Bryn Mawr Classical Review 2000.03.06
Mirko D. Grmek (ed.), Western Medical Thought from Antiquity to the Middle Ages. Cambridge, MA: Harvard University Press, 1999. Pp. viii, 478. ISBN 0-674-40355-X. $49.95.
Reviewed by Lee T. Pearcy, email@example.com
Word count: 443 words
Jacques Jouanna, Mario Vegetti, Danielle Gourevitch, Gotthard Strohmaier, Jole Agrimi and Chiara Crisciani, Danielle Jacquart, Mirko D. Grmek, Alain Touwaide, Michael McVaugh, Pedro Gil Sotres, Jean-Noël Biraben
This welcome compilation of authoritative essays on Greco-Roman, Islamic, and medieval European medical thought appeared first in Italian (Storia del pensiero medico occidentale I: Antichità e medioevo, Rome and Bari 1993) and was almost immediately translated into German (Die Geschichte des medizinischen Denkens: Antike und Mittelalter, Munich 1996). Now English-speaking readers have easy access to this well-known and often-consulted volume. Those familiar with the earlier versions will find nothing new in its English incarnation; those to whom the work is unknown will be glad to have on their shelves a summary of the current state of work, especially by continental scholars, in ancient medicine, even though its bibliography contains nothing more recent than 1994.
The essays themselves fall into two groups. After an introduction by Grmek, six essays treat the history of medical thought in rough chronological order: Jouanna on Hippocrates and the Hippocratic Corpus, Vegetti on Hellenistic medicine and the great Alexandrians, Gourevitch on medicine in the Roman world, Strohmaier on the Byzantine and Arabic tradition, Agrimi and Crisciani on "Charity and Aid in Medieval Christian Civilization" (only the specialized focus of this essay makes it seem a little out of place in the collection), and Jacquart on medicine in the medieval universities. Five essays then take up general aspects of medical thought and survey them from the fifth century B.C. (with occasional glances at earlier periods) through medieval times. Grmek writes on "The Concept of Disease," Touwaide on drugs and pharmacology, McVaugh on surgery, Gil Sotres on regimen and dietetics, and Biraben on the evolution of the European pathocenosis.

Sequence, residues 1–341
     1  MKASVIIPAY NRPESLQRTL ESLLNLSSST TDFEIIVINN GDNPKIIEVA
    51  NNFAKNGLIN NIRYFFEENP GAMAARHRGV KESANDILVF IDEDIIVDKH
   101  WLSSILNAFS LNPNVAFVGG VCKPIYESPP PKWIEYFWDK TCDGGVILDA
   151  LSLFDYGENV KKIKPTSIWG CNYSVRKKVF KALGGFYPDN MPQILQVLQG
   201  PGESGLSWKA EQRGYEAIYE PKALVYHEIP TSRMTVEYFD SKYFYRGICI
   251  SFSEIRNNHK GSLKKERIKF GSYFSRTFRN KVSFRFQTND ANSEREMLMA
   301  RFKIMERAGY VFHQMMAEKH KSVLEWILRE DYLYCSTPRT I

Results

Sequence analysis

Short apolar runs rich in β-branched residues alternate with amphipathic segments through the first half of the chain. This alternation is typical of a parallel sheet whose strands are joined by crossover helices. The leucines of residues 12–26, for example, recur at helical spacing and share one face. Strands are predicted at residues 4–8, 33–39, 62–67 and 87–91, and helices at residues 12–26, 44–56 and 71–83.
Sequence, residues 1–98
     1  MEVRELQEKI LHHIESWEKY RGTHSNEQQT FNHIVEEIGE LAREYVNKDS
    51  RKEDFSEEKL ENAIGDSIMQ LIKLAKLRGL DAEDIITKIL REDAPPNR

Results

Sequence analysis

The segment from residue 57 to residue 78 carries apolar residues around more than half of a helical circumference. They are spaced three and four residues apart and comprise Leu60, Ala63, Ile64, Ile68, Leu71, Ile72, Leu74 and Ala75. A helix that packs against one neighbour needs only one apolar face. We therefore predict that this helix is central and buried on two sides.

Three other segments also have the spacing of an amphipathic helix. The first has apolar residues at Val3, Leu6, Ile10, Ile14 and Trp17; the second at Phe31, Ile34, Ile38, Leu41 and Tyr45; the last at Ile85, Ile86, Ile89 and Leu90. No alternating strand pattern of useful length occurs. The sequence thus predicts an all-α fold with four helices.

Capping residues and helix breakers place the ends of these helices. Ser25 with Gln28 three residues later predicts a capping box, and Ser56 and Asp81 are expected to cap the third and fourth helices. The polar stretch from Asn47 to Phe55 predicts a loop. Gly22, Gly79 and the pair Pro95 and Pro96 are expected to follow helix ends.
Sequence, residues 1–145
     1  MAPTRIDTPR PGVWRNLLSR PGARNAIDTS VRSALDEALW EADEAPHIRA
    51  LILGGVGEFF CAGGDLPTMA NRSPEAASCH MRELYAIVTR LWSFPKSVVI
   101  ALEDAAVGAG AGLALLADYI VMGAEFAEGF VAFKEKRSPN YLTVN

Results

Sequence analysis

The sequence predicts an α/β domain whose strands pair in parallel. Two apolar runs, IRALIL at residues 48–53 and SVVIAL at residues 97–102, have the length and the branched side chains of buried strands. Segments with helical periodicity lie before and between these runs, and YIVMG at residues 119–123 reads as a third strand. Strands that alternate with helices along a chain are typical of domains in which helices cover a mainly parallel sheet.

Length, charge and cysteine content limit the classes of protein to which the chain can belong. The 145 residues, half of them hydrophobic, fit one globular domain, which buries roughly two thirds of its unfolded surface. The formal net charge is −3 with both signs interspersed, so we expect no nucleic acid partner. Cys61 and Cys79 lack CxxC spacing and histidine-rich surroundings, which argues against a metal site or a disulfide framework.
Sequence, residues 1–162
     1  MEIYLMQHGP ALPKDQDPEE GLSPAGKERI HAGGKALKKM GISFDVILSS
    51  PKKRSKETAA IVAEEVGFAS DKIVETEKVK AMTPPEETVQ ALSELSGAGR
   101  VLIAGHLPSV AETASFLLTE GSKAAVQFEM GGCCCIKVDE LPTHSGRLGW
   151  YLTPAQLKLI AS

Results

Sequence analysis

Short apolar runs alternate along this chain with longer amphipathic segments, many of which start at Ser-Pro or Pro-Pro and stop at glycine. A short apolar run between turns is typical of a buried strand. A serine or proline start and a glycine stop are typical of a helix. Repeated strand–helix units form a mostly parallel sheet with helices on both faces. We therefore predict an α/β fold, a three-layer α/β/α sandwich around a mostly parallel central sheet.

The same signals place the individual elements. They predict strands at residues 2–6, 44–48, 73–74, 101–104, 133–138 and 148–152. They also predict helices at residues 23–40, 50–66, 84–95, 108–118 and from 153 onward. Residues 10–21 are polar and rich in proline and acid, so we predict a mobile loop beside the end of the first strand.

Grmek himself introduced that concept, which refers to the ensemble of pathological states present in a given population at a given time, in Les Maladies à l'aube de la civilisation occidentale (Paris 1983 = Diseases in the Ancient Greek World, Baltimore 1989). Its appearance highlights the influence of Grmek and his circle -- if that is not too strong a word -- on the essays in this volume. All show the same concern to construct generalized theoretical models that will illuminate the evidence for ancient medical thought and practice, very much in the tradition of the Annales school. (It may be worth noting that of the thirteen contributors, three are from the École Pratique des Hautes Études, two from the University of Paris, and one from the Institut National d'Études Démographiques.) This common approach to the history of medicine gives this collection a unity that volumes by a variety of contributors sometimes lack. It can serve, in fact, as a history of European medical thought, and students who are aware of the collection's intellectual heritage will find it useful and stimulating.